August 27, 2008

Events calendar

Annual D.D. Ranch 5K Fun Run Sept.
The 8th annual DD Ranch 5K Fun Run/Walk is set for Sept. 27. Registration deadline is Sept. 19. The annual event benefits the Opportunity Foundation of Central Oregon. DD Ranch is located three miles east of Terrebonne at 3836 N.E. Smith Rock Way. The fun run also marks the opening of the pumpkin patch and Country Store. After the run there will be hayrides, petting zoo, music, face painting, arts and crafts and a barbecue. Information: 541-548-2611, or visit

Rosie the Riveter
An organizational meeting forming a Redmond chapter of the Rosier the Riveter Association will be held Aug. 30 at 1 p.m., at Mrs. Beasley’s Restaurant, 1555 S. Hwy 97.
The national organization began in 1998 and now has 14 chapters; its purpose is to honor women who worked in any capacity that released a man for military service in WWII. It aims to get their stories documented and shared and provide a place where members can meet their peers and share an important part of their lives.
For more information call Opal Nelson, 541-942-5877 or 541-782-2586.

Happy birthday Red
Native Central Oregonian Red Nance will be celebrating his 86th birthday Aug. 30 at the Redmond Grange, corner of Kalama and S.W. 7th Street. Family and friends are invited to come celebrate, 1-4 p.m. No gifts please. Information: 388-8845

Toddler Enrichment Time at activity center
Redmond Area Park and Recreation District hosts Toddler Enrichment Times, Mondays, Wednesdays and Fridays, 10:30 a.m. to noon, at the Activity Center, 335 S.E. Jackson St. Ages 5 and under. Playtime activities including mini-soccer, mini-hoops, whiffle ball, dress up, arts and crafts and more. Cost is $2.50 drop-ins or 10 visits for $20. Information: 541-548-7275.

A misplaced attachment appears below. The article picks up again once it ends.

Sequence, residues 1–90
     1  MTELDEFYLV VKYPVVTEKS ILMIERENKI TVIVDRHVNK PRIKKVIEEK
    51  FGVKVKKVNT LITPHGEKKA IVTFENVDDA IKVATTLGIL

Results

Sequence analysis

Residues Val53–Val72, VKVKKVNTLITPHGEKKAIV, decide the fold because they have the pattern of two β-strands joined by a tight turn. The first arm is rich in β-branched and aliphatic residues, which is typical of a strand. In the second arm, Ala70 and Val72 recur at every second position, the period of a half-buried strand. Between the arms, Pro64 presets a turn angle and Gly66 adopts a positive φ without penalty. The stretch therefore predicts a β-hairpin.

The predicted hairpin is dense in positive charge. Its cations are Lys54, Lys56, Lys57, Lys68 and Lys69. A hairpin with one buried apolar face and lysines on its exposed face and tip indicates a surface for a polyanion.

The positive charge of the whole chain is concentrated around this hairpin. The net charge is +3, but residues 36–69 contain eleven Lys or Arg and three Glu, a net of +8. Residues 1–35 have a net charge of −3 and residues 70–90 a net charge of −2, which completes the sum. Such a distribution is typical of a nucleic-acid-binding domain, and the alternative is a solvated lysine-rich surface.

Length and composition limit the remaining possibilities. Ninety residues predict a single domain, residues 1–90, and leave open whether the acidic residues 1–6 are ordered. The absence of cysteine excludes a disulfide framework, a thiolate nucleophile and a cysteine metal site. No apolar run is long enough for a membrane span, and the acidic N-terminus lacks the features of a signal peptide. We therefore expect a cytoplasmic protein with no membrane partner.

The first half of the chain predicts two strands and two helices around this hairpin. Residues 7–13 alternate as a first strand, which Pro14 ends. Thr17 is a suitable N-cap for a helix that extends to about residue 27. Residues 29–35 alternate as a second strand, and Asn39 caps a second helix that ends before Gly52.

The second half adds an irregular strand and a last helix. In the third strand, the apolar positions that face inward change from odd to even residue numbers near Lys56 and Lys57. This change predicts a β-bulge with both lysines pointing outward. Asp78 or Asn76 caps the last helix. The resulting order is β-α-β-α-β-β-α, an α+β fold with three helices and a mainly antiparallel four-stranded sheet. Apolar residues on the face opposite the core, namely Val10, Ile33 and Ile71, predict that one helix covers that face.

Saturday Morning in the Garden
Learn how to grow spectacular shrubs with explosive fall color at 10:30 p.m., Saturday, Aug. 30 at Redmond Greenhouse, 4101 S. Hwy 97. Listen to experts with timely tips, plant introductions and product showcases during this free class. Sept. 6 a class about trees with wonderful fall color will take place at the same time. Information: 548-5418.

Driver safety class
An AARP driver’s safety class, targeted toward seniors, will be held at Redmond’s Senior Center Sept. 8-9, from 8 a.m.-noon. Learn how to keep safe in an ever-changing driving environment. Information: 317-0610.

Central Oregon Writers Guild learn to share
Cameron Prow, local poet and founder of TYPE-Write II of Bend will present “Sharing the Children of Your Heart,” during the Central Oregon Writers Guild meeting Thursday, Aug. 28, 6:30 p.m., at the Redmond Public Library, 827 S.W. Deschutes Ave. Prow will share tips on how writers can confidently share and read their work in public. The group meets on the fourth Thursday of each month. Information: 541-388-0836.

Author Julie Cicero